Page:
This is also posted on the news part of the Go website.
This is also posted on the news part of the Go website.
Isle air wars intensify
Newcomer go! strikes a deal with Mokulele for flights to Molokai, Lanai and Kapalua
By Dave Segal
MESA Air Group's go!, which shook up the interisland market with its low-priced fares, was expected to announce today it is expanding its reach in Hawaii under a code-share agreement with Mokulele Airlines that will allow go! passengers to fly into smaller airports.
Mokulele, founded in 1998 in Kona on the Big Island, is replacing its entire fleet of five Piper Chieftains with as many as nine Cessna Grand Caravan 208-B turboprop aircraft that will operate under the go!Express brand.
http://starbulletin.com/2006/09/14/news/artmesa.jpg Mokulele, which operates Big Island tours and charter services between the islands, plans to increase its number of employees from 28 to between 80 and 100, according to William Boyer, president and chief executive of Mokulele. The turbine-engine Caravans, which cost $1.5 million to $2 million apiece, will seat nine passengers and be used for service from Honolulu to Kapalua, Maui; Lanai; and Molokai. Service between some neighbor island cities is expected to be added later. The piston-operated Chieftains were sold to Express One, a Florida-based freight and charter company, for an undisclosed amount. Limited service of go!Express is expected to begin in mid- December.
Go! is planning to enter a code-share agreement with Kona-based Mokulele Airlines to provide service to smaller airports.
Routes: Honolulu to Kapalua, Maui; Lanai and Molokai
Fleet: Up to nine Cessna Grand Caravan 208B turboprop aircraft that will each seat nine passengers
Expected starting date: Mid-December
Expected fares: $39 to $79
Go!'s foray into the smaller interisland markets will apply more pressure on Island Air, which already flies into those cities, as well as Maui-based PW, which uses the same type of aircraft that is being acquired by Mokulele and also flies those routes. Go!, which has signed a memorandum of understanding with Mokulele, already has created havoc for larger carriers Hawaiian Airlines and Aloha Airlines because of its $29 and $39 one-way fares from Honolulu to Lihue, Kauai; Kahului, Maui; and Hilo and Kona on the Big Island.
"By doing this with a local Hawaii carrier and serving the other communities in Hawaii, we want to send a message to the public that we're serious," said Jonathan Ornstein, chairman and chief executive of go!'s corporate parent. "By operating smaller aircraft, (Mokulele) can fly to a number of the cities we can't fly to with our jets and gives us a bigger presence."
Ornstein said the fares will be similar to go!'s current fare structure with its "trademark" $39 one-way fare and the top fare being about $79.
"We get a lot of requests in reservations for flights to those other cities, and it doesn't make any sense to turn those folks away when we have a name brand and people want to fly these places," Ornstein said. "We felt Mokulele will fill a nice niche. We're not going to operate these type of aircraft, and having a partnership is the best way to serve those markets."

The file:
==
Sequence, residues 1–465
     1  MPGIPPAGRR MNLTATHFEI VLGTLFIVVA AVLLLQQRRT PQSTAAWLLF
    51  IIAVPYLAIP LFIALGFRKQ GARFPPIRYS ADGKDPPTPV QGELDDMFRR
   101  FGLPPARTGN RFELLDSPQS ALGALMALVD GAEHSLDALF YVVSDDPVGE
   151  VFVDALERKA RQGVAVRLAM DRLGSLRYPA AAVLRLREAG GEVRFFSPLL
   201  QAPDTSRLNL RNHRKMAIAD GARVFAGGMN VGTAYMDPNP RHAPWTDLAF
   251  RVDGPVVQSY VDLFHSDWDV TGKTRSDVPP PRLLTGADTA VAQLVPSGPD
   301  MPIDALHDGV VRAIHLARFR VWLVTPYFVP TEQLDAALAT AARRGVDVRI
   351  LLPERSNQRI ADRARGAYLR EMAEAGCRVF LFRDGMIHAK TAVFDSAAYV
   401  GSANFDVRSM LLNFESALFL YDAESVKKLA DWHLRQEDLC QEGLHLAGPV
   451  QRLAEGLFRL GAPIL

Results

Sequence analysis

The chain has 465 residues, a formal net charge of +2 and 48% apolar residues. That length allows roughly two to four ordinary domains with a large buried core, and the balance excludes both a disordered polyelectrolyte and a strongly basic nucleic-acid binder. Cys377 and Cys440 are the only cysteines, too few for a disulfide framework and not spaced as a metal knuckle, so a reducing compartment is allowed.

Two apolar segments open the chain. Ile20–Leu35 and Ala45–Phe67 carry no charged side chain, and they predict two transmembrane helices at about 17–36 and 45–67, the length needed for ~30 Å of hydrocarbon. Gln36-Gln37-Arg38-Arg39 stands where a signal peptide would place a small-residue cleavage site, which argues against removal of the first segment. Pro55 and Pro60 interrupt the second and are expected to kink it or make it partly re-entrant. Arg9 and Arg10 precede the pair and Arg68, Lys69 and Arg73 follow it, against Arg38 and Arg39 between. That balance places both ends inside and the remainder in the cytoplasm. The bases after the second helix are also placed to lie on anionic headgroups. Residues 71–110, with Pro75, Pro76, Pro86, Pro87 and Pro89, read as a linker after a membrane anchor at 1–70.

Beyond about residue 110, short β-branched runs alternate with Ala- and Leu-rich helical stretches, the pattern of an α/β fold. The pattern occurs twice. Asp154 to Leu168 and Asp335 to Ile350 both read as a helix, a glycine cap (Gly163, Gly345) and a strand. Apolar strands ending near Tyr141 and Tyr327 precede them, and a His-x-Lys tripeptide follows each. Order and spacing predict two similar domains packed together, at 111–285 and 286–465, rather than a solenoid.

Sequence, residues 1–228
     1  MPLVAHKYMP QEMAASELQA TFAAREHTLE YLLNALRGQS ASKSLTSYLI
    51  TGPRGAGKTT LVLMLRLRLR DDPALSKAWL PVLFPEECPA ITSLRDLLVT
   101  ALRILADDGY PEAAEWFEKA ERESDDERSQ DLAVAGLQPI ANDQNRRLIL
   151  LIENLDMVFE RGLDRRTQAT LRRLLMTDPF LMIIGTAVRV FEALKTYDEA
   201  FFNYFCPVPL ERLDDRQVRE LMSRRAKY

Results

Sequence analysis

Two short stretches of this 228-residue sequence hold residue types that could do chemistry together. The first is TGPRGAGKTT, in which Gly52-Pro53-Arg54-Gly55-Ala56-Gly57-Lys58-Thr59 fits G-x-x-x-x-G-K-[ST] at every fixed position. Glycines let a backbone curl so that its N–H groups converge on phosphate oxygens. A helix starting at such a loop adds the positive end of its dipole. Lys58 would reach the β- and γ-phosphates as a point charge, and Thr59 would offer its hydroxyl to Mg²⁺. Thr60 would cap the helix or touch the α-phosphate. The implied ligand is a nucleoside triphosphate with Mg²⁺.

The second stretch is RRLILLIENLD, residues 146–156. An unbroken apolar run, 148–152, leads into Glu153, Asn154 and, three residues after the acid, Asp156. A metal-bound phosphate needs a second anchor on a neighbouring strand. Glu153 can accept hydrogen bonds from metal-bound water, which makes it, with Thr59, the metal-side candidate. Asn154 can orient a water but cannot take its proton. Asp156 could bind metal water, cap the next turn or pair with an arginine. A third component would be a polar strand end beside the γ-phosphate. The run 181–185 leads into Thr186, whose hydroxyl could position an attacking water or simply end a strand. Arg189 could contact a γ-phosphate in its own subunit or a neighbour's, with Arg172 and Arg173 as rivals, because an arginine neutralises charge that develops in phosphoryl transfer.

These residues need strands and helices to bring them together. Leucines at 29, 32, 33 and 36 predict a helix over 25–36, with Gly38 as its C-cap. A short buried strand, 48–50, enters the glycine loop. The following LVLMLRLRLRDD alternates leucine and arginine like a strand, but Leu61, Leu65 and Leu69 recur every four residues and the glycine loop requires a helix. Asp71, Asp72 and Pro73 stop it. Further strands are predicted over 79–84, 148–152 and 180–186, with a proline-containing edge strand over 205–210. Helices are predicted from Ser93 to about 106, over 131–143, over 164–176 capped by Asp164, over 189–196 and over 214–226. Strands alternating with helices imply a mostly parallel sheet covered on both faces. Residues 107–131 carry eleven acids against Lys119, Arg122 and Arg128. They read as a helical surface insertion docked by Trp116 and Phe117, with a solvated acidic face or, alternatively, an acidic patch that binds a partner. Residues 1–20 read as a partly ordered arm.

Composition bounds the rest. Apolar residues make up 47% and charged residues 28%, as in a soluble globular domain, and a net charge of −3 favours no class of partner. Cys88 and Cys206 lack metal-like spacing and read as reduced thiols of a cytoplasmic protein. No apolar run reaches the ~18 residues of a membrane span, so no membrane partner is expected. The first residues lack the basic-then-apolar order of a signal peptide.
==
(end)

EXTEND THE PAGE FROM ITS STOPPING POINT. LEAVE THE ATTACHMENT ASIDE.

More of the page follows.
Ornstein said the partnership with Mokulele will allow go! to cut down on its overhead through shared marketing and reservation expenses.
Boyer said partnering with go! will give a big boost to Mokulele. The small carrier recently received approval from the U.S. Department of Transportation to provide scheduled service and is awaiting operating specification from the Federal Aviation Administration. The new planes will be painted in go!'s ocean blue and white colors.
"Jonathan has basically given us all the passengers who want to go to the other destinations he doesn't service right now," Boyer said. "For us, a small Hawaii company, it's tremendous for employees, the communities and morale."
Go! will get paid a fee by Mokulele for each passenger, Ornstein said. Passengers will be able to apply mileage on go!Express flights to their go! frequent-flier miles.
Just as go! affected Hawaiian, Aloha and Island Air in the larger interisland markets, Ornstein acknowledged Island Air and PW could see some of their operations affected as well.
"Bill's concept, like ours, is to provide high-quality service at the lowest possible price and, to the fact that we'll lower fares in some markets, that will impact some of the existing carriers," Ornstein said. "Clearly, there will be some increased capacity in the market."
Ornstein said today's announcement was not a strategic move to coincide with tomorrow's Bankruptcy Court hearing, in which Hawaiian is seeking a preliminary injunction that would prevent go! from selling new tickets for one year. In fact, Ornstein said he has been talking to Boyer about such an arrangement even before go! began interisland service on June 9.
Hawaiian is seeking the injunction because it claims Phoenix-based Mesa used information from Hawaiian's proprietary data -- which Mesa had been allowed to see while it was a potential investor during Hawaiian's bankruptcy -- more than a year after the information was supposed to have been destroyed.
Ornstein, who has talked about replacing the 50-seat Bombardier CRJ-200s flown by go!, said he expects to sign documents within the next few days for 90-seat CRJ-900 aircraft. He said he would like to have those aircraft in place by the beginning of next summer.
Boyer said Mokulele will phase out two of its Chieftains next week and that the first Caravan is scheduled to arrive in early December, with service to begin in mid-December. He said a second Caravan is due in late December with Mokulele holding options to buy seven more aircraft in 2007.
The interior of the Caravans will have leather reclining seats with 34 inches of legroom, as well as in-flight entertainment.